Friday, October 27, 2017
A sort of sequel to Haneke's earlier film Amour, Happy End depicts a deeply dysfunctional family: a patriarch who attempts suicide repeatedly, a fractured mother-son relationship, a son with a wandering eye, and an emotionally distant granddaughter. And that's just the half of it.
As he showed with Funny Games and The Piano Teacher, Haneke makes it clear he's morbidly fascinated by what makes a person tick. (The opening sequence of Happy End grimly verifies that claim.) Why do some people behave the way that they do? Haneke doesn't provide a clear answer but no matter. Just enjoy the mayhem as it unfolds.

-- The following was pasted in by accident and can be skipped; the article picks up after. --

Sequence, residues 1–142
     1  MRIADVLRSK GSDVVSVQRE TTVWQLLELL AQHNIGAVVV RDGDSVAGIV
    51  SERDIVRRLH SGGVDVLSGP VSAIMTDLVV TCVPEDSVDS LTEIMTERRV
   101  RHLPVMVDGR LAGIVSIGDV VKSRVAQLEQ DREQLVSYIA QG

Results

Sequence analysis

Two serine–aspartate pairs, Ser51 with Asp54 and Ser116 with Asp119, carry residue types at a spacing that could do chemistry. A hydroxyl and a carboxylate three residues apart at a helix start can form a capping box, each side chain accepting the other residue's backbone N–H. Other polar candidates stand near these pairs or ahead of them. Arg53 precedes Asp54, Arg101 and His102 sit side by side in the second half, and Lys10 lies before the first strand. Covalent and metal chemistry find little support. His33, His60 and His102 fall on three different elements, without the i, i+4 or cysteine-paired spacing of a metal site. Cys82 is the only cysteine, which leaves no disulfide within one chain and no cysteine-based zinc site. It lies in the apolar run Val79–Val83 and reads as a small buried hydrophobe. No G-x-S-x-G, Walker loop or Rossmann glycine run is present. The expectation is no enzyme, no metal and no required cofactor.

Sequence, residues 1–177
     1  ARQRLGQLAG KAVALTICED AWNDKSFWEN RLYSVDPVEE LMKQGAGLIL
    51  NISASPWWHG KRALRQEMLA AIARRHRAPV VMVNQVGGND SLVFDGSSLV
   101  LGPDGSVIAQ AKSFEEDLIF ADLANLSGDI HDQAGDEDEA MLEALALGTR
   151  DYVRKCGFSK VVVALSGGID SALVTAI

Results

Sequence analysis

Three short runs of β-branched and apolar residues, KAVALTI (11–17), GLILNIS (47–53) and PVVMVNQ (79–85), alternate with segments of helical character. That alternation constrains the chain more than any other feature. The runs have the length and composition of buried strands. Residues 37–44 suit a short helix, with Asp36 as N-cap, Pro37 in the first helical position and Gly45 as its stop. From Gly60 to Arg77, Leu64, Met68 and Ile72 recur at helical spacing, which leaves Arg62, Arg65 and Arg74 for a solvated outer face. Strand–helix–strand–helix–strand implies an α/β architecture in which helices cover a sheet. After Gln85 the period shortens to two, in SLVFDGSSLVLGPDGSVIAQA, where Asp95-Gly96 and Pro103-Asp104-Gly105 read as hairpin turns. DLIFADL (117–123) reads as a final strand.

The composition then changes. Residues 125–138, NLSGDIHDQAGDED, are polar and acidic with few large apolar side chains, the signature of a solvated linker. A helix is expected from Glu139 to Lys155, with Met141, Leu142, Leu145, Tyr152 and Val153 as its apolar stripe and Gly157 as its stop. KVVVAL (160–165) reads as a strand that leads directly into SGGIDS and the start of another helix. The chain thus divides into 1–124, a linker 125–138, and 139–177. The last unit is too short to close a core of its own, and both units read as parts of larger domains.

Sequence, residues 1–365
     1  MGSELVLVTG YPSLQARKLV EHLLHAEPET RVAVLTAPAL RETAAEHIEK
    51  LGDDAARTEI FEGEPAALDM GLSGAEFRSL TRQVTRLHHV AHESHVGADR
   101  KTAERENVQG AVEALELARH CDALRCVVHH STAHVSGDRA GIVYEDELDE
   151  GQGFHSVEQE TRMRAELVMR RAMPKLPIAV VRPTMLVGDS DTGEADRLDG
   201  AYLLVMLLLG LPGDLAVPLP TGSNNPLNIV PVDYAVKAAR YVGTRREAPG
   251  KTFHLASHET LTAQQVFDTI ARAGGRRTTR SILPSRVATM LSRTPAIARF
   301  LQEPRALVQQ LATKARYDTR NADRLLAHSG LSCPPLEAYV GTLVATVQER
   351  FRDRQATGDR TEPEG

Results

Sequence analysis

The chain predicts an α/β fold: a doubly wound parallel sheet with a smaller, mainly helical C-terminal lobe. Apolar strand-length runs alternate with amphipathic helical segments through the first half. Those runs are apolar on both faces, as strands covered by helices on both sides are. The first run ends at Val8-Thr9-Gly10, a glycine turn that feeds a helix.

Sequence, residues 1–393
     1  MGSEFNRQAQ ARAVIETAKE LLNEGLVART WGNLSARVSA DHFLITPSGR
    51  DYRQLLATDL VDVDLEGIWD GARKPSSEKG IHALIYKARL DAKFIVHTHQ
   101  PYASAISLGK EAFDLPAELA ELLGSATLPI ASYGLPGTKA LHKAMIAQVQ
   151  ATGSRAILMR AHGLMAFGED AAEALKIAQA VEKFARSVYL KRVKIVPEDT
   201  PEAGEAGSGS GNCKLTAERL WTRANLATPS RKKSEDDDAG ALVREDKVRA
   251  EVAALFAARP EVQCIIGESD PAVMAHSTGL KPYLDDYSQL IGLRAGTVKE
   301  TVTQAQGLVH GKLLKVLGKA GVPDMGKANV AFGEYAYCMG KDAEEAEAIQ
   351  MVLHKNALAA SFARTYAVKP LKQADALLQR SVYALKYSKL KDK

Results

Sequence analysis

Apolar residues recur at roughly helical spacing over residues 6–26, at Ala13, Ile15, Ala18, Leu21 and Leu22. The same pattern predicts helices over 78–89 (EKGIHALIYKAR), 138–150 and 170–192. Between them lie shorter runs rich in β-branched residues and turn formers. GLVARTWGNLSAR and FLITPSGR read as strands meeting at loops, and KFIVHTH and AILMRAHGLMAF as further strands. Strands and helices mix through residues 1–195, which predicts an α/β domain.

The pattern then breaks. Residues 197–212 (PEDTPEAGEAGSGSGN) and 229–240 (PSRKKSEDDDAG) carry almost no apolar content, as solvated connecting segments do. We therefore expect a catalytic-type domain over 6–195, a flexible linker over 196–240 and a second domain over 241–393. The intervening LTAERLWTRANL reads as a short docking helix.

But much like Code Unknown, Happy End is more of just depicting life as it happens. It's not something that's always fair to some people nor is it full of the expected routines. More often than not, it regularly deals out some hard knocks to most of the people in the world. (Hey, just watch the news.)
Happy End is most definitely a Haneke film. With a dark interest towards human behavior, he explores society in an emotionally numbing manner -- as he is one to do -- to the point where wants to look away but can't bring themselves to do so. And it's probably safe to say that the last scene is the most audacious thing Haneke captured in any of his works.
My Rating: ****